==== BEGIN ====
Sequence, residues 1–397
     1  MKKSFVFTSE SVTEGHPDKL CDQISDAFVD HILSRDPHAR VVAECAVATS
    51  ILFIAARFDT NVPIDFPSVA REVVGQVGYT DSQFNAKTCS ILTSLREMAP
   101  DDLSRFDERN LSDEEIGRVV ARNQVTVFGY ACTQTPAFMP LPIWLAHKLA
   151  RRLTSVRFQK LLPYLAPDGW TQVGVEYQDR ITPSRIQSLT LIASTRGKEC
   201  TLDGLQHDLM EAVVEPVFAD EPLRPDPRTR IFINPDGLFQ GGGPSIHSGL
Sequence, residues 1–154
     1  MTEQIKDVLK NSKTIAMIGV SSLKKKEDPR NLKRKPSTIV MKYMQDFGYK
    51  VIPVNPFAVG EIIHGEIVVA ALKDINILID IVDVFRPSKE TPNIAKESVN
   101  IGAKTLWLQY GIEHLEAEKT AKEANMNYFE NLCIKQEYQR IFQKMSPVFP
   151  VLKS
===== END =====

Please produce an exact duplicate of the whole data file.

Sequence, residues 1–397
     1  MKKSFVFTSE SVTEGHPDKL CDQISDAFVD HILSRDPHAR VVAECAVATS
    51  ILFIAARFDT NVPIDFPSVA REVVGQVGYT DSQFNAKTCS ILTSLREMAP
   101  DDLSRFDERN LSDEEIGRVV ARNQVTVFGY ACTQTPAFMP LPIWLAHKLA
   151  RRLTSVRFQK LLPYLAPDGW TQVGVEYQDR ITPSRIQSLT LIASTRGKEC
   201  TLDGLQHDLM EAVVEPVFAD EPLRPDPRTR IFINPDGLFQ GGGPSIHSGL
Sequence, residues 1–154
     1  MTEQIKDVLK NSKTIAMIGV SSLKKKEDPR NLKRKPSTIV MKYMQDFGYK
    51  VIPVNPFAVG EIIHGEIVVA ALKDINILID IVDVFRPSKE TPNIAKESVN
   101  IGAKTLWLQY GIEHLEAEKT AKEANMNYFE NLCIKQEYQR IFQKMSPVFP
   151  VLKS